I’d like to share the story of how I met Rachel. It was actually on the street months ago when I asked to take this streetstyle pic of her. Turns out that photo was a good indicator of her personal style and how she expresses herself through her clothing. Rachel takes alot of vintage pieces and basics and works them into an outfits that are greater than the sum of their parts. Photographing this style profile was a good reminder for me that it’s not just the individual pieces you wear but how you coordinate them that makes the difference.
How has living in New York influenced your style?
New York City has given me the balls to dress genuinely. When I was a kid, I would prance around my parent’s house in get-ups I’d never dream of wearing in public. But this city is incredibly magical and filled with such brilliant, passionate people and being here makes me feel brave, in style and in life.
How did you build up your current wardrobe to where it is?
I have to say, I don’t particularly enjoy shopping. It takes forever and trying on clothes is exhausting. I prefer to take long strolls through the city, maybe do some gallery hopping and then let pieces come to me. If I don’t set out to shop, I end up browsing anyway and find great things.
You mix in alot of vintage items , what makes a vintage item worth picking up for you?
If it makes my heart race, I’ll buy it.
You told me you about your love of hats, how did that develop?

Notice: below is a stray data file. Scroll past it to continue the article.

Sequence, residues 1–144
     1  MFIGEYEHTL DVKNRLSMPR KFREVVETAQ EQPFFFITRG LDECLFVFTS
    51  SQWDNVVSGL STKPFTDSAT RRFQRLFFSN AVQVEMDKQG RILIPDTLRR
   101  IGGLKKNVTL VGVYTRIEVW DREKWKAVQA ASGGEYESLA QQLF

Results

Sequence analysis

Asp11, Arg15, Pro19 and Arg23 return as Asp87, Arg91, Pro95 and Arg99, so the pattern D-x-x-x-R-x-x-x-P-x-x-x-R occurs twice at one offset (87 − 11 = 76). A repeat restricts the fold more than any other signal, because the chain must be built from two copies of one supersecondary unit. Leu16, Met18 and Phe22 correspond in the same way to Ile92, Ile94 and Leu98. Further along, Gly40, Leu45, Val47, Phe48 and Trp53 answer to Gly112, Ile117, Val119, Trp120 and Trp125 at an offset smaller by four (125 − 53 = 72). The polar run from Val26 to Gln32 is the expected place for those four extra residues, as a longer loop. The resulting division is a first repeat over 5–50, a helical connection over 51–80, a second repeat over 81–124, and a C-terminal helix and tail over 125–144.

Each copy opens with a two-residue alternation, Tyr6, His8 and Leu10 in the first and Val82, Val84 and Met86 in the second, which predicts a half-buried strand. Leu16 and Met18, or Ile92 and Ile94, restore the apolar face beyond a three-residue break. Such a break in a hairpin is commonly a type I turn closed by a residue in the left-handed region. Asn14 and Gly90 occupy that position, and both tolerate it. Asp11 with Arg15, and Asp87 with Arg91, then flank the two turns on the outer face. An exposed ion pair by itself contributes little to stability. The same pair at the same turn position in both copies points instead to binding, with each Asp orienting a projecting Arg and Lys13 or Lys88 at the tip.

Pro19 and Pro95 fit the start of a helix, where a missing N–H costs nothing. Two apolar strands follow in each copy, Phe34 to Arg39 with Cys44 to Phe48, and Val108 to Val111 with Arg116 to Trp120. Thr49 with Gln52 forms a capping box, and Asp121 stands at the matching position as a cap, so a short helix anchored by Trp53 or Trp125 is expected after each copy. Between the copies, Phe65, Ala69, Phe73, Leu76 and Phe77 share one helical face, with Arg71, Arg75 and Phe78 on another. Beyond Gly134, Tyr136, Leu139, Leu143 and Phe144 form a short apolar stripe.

Growing up, I stalked Bill Cunningham’s photos and lived vicariously through them. Over time, I noticed how beautiful women looked when they were wearing hats and I wanted to be like them. Now, it’s part of me. If an ensemble were a cake, the hat would be the cherry. And for some reason, baseball caps make me feel extraordinarily sexy, so I like that.
See the rest of the feature with Rachel after the jump
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You may remember our first It Girl feature from Tokyo featuring Caca Co. My friend Rajiv (who is the designer of the Tokyo based fashion label SAWHNEY) styled and produced this second It Girl Tokyo feature for Third Looks.
SAWHNEY collaborates with emerging fashion model and blogger Yuri Nagakawa combining several men’s pieces from the debut Spring Summer 2013 collection with her distinctive boyish/cute style in a series of street snap looks in Shinjuku “Golden Town”. A contributing model for S Cawaii magazine, Yuri has been regularly featured on many famous Tokyo fashion street snap sites including Stylearena.com and Fashionsnap.com.
Firstly, tell us about your background.
I dreamt about working in the fashion industry for a long time. At first I planned to start working in the industry after I graduated high school. However, my parents wouldn’t allow me to move outside my prefecture if I didn’t go to college. So I started studying for the entrance exam to get permission from my parents. While studying in college, I proactively attended many events and enjoyed my life to the fullest. Also during this time I started modeling. By my third-year in college I had finished all my necessary credits for graduation so in my final year I completely absorbed myself in modeling work. I feel that if you have the strong willingness to try anything that is available to you then there are no bounds to what is possible. During my childhood, I studied Japanese tea ceremony, flower arrangement, and gymnastics and enjoyed expressing myself, the colors of nature, and Japanese culture. I think those experiences made me who I am today. I’m happy that I can express myself through modeling. In addition, I pass along the days inspired by various other creative individuals.